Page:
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So, you’re in the market for a new car. You’ve skimmed through our extensive collection of news and reviews, and you’re ready to hit the showroom. What should you expect? If you’re a man, you might negotiate a slightly sweeter deal, however, your female friends will probably pay less because they’ve configured a more cost-efficient ride. That’s according to new data from CarWoo.
We first mentioned CarWoo a little over a year ago. It’s a website that allows shoppers to solicit competing offers from auto dealers, a little like Lending Tree does for home loans. So, you tell CarWoo what sort of vehicle you’re looking for, and CarWoo asks dealerships in your area to make their best offer. (Interestingly, when CarWoo debuted, there was a fee to use it, which made us somewhat skeptical about its prospects. Now, that fee seems to have been removed, or it’s been pushed deep into the sale transaction.)
Back in November, the Environmental Protection Agency and the Department of Transportation announced new fuel-efficiency regulations affecting vehicles built through 2025. Many automakers and environmental groups have praised the guidelines, but dealers warn that they could boost the cost of new cars by as much as $5,000. We’ll try to cut through the spin so you know what to expect down the road.
What are the new guidelines?
If you’re planning to buy a new Toyota or Lexus in the near future, pay attention. The automaker just announced pricing on a range of vehicles, and several popular models — including the 2012 Toyota Corolla, Highlander, and Tundra — are due for a price increase. Others, like the 2012 Matrix, will drop. And the 2012 Venza is a little bit of both. Here’s a breakdown:
Thanksgiving’s schedule includes three NFL games and one other major contact sport: Black Friday sales busting the doors earlier than ever. For diehards it’s all about the deals, mashed up (sometimes literally) with the rush from conquest.
There is a way to save thousands more than even the most intense Black Friday shopper–without sacrificing civility or personal safety. TrueCar.com suggests you and your dignity sleep in, pass up the retail stores and head for new car dealers the day after Thanksgiving. However counterintuitive, it reports this single day beats every other with predicted MSRP average savings of 9.5 percent and often more.
While U.S. economic news is hardly good, somehow auto sales again proved to be a bright spot in October.
As the housing sector remains on a downward slide in much of the country, manufacturing growth slowed, and economists wondered how Greece’s nearing economic meltdown will affect the global economy, Americans are buying cars at a surprisingly hot rate. At early tallies, industry-wide auto sales this past month looked about ten percent higher than last October.
Monthly sales numbers for September 2011 are being reported today by car makers, and the slight progress made in August seems to be continuing with upticks at all the major brands except for the two most affected by the Japanese earthquake earlier this year.
According to market analysts at J.D. Power, September retail new-vehicle sales could check in at a seasonally adjusted annualized rate (SAAR) of 10.3 million unit, which would be the first time the SAAR was above 10 million units since April. With fleet sales counted in, the SAAR could reach 12.9 million units.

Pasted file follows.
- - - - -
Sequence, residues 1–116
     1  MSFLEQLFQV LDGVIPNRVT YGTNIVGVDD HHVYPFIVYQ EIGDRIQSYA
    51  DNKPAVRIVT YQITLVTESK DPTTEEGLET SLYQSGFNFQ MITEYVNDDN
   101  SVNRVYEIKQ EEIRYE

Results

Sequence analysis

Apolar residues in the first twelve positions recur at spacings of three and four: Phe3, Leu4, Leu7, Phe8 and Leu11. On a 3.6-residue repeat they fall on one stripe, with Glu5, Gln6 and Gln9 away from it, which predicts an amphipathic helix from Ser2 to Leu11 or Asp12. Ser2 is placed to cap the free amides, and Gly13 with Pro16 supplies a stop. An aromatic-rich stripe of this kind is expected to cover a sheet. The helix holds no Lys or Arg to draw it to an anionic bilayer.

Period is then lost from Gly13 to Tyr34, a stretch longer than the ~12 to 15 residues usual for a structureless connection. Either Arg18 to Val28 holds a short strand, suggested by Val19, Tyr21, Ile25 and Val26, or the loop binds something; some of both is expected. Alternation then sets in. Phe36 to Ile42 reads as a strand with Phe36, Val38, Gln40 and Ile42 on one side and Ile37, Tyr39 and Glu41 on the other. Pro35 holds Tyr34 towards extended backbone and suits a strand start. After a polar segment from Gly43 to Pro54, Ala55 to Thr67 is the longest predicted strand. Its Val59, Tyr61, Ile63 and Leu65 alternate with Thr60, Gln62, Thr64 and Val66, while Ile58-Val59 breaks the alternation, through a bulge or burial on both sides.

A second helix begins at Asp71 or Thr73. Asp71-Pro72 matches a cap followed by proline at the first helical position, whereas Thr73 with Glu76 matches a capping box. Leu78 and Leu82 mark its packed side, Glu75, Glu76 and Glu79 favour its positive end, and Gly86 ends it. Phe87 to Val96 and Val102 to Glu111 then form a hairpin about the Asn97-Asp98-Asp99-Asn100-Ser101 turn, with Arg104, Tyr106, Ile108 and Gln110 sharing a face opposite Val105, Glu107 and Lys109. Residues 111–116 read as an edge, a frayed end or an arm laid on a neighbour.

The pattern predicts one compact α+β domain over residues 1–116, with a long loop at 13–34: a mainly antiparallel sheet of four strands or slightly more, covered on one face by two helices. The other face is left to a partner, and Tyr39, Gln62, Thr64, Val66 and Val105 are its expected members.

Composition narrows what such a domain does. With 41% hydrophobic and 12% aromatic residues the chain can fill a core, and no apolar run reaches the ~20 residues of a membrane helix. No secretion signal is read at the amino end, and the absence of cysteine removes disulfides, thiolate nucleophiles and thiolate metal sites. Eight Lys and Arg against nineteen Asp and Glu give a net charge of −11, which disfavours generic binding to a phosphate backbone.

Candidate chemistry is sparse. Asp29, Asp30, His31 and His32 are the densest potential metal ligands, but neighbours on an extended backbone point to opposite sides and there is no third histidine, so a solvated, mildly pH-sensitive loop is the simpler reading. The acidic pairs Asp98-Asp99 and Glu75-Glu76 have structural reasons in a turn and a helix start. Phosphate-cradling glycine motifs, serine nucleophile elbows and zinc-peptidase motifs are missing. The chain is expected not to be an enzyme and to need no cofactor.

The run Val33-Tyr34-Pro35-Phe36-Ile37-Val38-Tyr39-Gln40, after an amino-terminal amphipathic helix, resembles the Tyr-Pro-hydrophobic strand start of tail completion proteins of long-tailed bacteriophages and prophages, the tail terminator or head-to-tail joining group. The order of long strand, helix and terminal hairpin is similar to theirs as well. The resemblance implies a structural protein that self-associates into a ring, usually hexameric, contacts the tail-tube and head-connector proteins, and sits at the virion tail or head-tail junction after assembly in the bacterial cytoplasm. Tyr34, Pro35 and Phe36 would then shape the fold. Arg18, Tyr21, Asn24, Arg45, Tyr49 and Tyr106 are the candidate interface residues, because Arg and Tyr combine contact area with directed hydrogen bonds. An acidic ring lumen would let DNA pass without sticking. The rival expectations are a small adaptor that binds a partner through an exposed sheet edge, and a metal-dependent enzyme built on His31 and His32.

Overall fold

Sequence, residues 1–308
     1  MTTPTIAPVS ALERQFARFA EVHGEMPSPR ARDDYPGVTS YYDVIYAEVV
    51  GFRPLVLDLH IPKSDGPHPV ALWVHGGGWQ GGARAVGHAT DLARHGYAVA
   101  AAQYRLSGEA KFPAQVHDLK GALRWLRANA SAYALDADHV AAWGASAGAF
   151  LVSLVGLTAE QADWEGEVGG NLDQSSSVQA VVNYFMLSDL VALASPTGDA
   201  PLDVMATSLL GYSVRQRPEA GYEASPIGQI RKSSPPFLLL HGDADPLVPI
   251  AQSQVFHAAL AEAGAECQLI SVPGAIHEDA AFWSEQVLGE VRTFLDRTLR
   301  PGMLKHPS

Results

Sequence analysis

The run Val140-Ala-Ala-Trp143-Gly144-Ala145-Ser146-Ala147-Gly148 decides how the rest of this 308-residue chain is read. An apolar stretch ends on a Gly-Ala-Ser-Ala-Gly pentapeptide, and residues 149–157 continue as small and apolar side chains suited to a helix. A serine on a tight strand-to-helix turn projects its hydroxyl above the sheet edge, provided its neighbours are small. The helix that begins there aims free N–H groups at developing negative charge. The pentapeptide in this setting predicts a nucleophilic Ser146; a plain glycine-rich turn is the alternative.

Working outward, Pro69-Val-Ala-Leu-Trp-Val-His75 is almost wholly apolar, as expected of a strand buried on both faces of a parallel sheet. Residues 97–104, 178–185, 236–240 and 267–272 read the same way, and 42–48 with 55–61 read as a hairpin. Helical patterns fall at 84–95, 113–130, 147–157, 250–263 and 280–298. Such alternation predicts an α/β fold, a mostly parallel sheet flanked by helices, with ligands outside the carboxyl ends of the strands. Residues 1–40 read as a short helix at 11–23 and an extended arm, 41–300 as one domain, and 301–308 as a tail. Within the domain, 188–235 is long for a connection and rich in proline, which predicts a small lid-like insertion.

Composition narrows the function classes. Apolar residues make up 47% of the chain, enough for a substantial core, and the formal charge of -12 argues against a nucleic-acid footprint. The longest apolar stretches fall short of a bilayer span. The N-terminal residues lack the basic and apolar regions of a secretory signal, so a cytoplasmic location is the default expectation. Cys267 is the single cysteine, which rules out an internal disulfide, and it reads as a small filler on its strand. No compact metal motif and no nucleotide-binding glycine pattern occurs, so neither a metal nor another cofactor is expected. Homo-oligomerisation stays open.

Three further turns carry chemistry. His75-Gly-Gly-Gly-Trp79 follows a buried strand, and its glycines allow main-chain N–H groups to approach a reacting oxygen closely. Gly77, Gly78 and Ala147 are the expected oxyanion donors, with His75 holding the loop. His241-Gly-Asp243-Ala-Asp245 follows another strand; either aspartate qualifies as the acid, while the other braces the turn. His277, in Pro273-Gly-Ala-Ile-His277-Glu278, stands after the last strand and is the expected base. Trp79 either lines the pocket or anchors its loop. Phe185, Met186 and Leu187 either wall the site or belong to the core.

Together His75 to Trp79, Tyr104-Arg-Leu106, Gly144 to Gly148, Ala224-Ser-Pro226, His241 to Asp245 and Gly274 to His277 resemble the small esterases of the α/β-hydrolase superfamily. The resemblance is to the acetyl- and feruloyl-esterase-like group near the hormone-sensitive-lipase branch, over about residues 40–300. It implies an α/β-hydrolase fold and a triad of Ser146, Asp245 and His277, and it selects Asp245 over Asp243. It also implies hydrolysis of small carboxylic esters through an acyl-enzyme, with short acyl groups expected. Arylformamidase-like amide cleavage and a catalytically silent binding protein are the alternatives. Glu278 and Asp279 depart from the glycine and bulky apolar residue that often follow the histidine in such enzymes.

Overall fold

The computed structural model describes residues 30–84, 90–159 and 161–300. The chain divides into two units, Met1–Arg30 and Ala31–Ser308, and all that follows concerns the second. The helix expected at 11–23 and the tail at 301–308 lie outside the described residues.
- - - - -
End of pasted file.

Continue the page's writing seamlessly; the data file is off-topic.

Although we’ve been covering electric and fuel-efficient green vehicles here at Green Car Reports for a long time now, a lot of first-time readers are completely new to the idea of buying an electric car.
Exploring electric cars for the first time, these readers are looking for a simple primer to the world of plug-in vehicles before they visit our more in-depth Ultimate Guides to various models, including the Nissan Leaf, Chevrolet Volt, Ford Focus Electric, Mitsubishi i, and Toyota Prius Plug-in Hybrid.
So we’ve been on the lookout for a way of helping explain the basics in a simple way. And now we’ve just found the video that we think will help.
If you’re in the market to buy or lease a new car, TrueCar says there’s no time like this weekend. In fact, the vehicle-transaction-price tracking website estimates that this Saturday, September 24, will be your best shot at getting a good deal in the month of September.
If you’re looking to buy a full size pickup or SUV, the 2011 Nissan Titan can be had for $22,497, thanks to incentives totaling $5,888 (which represents a discount of 20.7 percent from list). The 2011 Ford Expedition is selling for $36,502, thanks to $6,208 worth of available incentives, which saves you 14.5 percent from sticker price.
It’s taken a long time to arrive, but Ford’s fuel-efficient 2.0-liter EcoBoost four-cylinder engine is now available as an option on both the 2012 Ford Explorer and the 2012 Ford Edge crossover utility.
It’s the first time any Ford Explorer has been offered with a four in the model’s 22-year history; previously, the mid-size sport-utility vehicle was offered with a variety of V-6s and even a V-8.
The Ford Edge, similarly, has had only V-6 engines since its launch as a 2007 model. The EcoBoost model was unveiled way back in February 2010, but is finally on sale for the 2012 model year.
Hyundai has just announced that its funky new hatchback can be yours for the price of $17,300, plus a $760 destination charge.
That price includes the 1.6-liter GDI inline four-cylinder and a six-speed manual transmission.
If rowing your own gears isn’t your style, you can add another $1,250 for Hyundai’s new EcoShift dual clutch transmission.
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